INTRODUCTION

CHAPTER I
ENTERING THE LAND OF MYSTERY
Arrival in Kalgan — The Hutukhtu's motor car — Start for the great plateau — Camel caravans — The pass — A motor car on the Mongolian plains — Start from Hei-ma-hou — Chinese cultivation — The Mongol not a farmer — The grass-lands of Inner Mongolia — The first Mongol village — Construction of a yurt — Bird life — The telegraph line

CHAPTER II
SPEED MARVELS OF THE GOBI DESERT
Wells in the desert — Panj-kiang — A lama monastery — A great herd of antelope — A wild chase — Long range shooting — Amazing speed — An exhibition of high-class running — Difficulties in traveling — Description of the northern Mongols — Love of sport — Ude — Bustards — Great monastery at Turin — The rolling plains of Outer Mongolia — Urga during the World War

CHAPTER III
A CHAPTER OF ACCIDENTS
Return trip — The "agony box" — The first accident — My Czech and Cossack passengers — The "agony box" breaks a wheel — A dry camp — More motor trouble — Meeting with Langdon Warner — Our game of hide-and-seek in the Orient — An accident near Panj-kiang — We use mutton fat for oil — Arrival at Hei-ma-hou — A wet ride to Kalgan — Trouble at the gate

CHAPTER IV
NEW TRAVELS ON AN OLD TRAIL
Winter in Peking — We leave for Mongolia — Inner Mongolia in spring — Race with a camel — Geese and cranes — Gophers — An electric light in the desert — Chinese motor companies — An antelope buck — A great herd — Brilliant atmosphere of Mongolia — Notes on antelope speed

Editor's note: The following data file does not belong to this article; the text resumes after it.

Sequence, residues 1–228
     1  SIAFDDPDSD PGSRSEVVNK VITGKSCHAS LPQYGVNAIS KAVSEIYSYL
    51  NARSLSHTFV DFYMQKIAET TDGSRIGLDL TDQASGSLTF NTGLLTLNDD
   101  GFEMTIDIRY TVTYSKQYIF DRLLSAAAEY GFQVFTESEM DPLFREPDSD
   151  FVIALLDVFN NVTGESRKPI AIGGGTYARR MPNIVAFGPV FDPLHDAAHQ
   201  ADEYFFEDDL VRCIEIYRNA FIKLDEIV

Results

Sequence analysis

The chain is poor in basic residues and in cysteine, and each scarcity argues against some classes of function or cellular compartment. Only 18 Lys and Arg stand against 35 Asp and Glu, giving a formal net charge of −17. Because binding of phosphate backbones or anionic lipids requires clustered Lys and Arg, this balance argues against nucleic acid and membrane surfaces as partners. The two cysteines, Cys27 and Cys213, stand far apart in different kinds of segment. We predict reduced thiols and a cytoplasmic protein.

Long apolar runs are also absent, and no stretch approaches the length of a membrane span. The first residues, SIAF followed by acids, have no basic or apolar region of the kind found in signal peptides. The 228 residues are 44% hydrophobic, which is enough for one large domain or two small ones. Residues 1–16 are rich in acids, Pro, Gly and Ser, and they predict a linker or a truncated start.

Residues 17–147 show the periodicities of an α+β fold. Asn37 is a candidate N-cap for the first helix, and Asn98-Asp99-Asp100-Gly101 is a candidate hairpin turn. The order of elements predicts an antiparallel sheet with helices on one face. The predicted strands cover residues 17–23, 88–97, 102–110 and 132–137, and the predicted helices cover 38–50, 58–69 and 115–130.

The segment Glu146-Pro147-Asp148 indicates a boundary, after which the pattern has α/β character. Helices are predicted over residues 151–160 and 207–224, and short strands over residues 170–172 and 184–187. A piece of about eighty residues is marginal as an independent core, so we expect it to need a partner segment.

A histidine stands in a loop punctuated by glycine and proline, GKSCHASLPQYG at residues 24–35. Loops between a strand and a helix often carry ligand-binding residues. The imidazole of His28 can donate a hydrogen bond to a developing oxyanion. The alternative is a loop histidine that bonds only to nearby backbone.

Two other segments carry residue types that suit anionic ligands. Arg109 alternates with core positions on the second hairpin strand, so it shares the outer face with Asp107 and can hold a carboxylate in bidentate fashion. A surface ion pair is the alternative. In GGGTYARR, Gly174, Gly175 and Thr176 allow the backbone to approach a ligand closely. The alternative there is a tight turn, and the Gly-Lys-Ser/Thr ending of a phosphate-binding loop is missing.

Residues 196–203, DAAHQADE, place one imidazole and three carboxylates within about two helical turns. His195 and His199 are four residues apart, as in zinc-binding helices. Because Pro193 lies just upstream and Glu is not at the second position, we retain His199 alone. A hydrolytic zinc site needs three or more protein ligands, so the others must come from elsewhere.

CHAPTER V

ANTELOPE MOVIE STARS
Moving pictures under difficulties — A lost opportunity — A zoölogical garden in the desert — Killing a wolf — Speed of a wolf — Antelope steak and parfum de chameau — A caravan — A wild wolf-hunt — Sulphuric acid — The Turin Plains

CHAPTER VI
THE SACRED CITY OF THE LIVING BUDDHA
A city of contrasts — The Chinese quarter like frontier America — A hamlet of modern Russia — An indescribable mixture of Mongolia, Russia and China in West Urga — Description of a Mongol woman — Urga like a pageant on the stage of a theater — The sacred mountain — The palace of the "Living God" — Love for western inventions — A strange scene at the Hutukhtu's palace — A bed for the Living Buddha — Lamaism — The Lama City — Ceremony in the temple — Prayer wheels — Burial customs — Corpses eaten by dogs — The dogs of Mongolia — Cleanliness — Food — Morality — "H. C. L." in Urga — A horrible prison — Mr. F. A. Larsen

CHAPTER VII
THE LONG TRAIL TO SAIN NOIN KHAN